Reagent tests – the easily available kits that change colour when they come in contact with a drug – are advocated and used by many in the Australian music festival scene. But this is only because there is nothing else to offer.

Reagent tests only identify one substance in a sample, even when many substances are present. With 750 different drugs now on the market, and often used in conjunction with each other, these simple tests are not adequate. Drug testing is also best done by professionals.

This information is widely available. Drug testers are happy to discuss their methodology; they are proud of it. They’ve also published it. In Europe, there are publicly available good practice guidelines. And the technology is already in Australia. By my calculations, there are in excess of 10,000 GCMS machines in laboratories across Australia.

So why the disbelief from the Victorian Police Chief Commissioner?

It could be because the majority of illicit drug samples in Australia are processed by forensic laboratories at the request of law enforcement, and do take some time. The tests run for use in trials are often run multiple times, and analysts take days to return their results. This is entirely appropriate in a legal setting. But we don’t do that in medicine.

We don’t get 10 chest X-rays to confirm a chest infection. We use the appropriate equipment, ensure that it’s well calibrated, and act on the results that we are confident are real.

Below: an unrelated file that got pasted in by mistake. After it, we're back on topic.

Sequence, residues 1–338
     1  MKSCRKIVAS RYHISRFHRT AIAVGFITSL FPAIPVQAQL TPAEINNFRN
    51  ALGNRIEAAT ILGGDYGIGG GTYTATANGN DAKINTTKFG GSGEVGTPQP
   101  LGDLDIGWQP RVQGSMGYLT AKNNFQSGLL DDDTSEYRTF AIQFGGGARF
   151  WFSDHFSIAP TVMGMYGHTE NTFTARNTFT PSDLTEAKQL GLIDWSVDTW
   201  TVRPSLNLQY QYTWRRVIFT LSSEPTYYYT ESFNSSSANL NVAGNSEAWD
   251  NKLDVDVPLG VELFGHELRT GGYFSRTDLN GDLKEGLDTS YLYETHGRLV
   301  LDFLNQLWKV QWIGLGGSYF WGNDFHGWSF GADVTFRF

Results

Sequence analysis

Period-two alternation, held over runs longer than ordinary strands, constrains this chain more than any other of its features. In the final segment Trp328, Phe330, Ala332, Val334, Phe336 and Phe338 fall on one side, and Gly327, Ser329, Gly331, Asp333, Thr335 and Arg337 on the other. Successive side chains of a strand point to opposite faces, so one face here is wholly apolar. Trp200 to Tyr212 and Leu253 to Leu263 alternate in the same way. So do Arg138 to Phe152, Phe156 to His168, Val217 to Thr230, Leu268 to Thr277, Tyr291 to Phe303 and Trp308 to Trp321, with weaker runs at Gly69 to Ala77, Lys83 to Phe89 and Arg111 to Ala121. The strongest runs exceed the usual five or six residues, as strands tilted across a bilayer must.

It is important to acknowledge the role law enforcement plays in stemming the flow of drugs in the community. But it is not the only, or even the best, way to prevent the harm and deaths caused by bad batches of drugs and drug overdoses.

Drug testing at music festivals is very much about intervention and encouraging behavioural changes, rather than just drily delivering a result. We know from research that the majority of consumers would not take a pill if test results indicated the substance wasn’t what they thought it was.

My own work in South Australia between 2002 and 2007 showed clearly that two thirds of consumers chose to do something other than take their pills when they found they contained a substance other than what they expected. The modern generation is far more interested in having their pills tested than when this practice started.

In addition to changing people’s behaviour, drug testing provides us with information about the specifics of the drugs available. This is an ever changing market. Drug testing can identify substances that sniffer dogs are not yet trained to detect.

In the past year a consortium of scientists, nongovernmental organisations and doctors (including myself) has reached out to the Victorian Department of Health, the Office of the Commissioner and the Victoria Police Forensic Services Department to offer them the opportunity to review our methodology and discuss collaborating in this space. Both have declined.

Should they ever change their minds, our door remains open.

The Conversation

David Caldicott, Emergency Medicine Consultant, Australian National University

This article was originally published on The Conversation. Read the original article.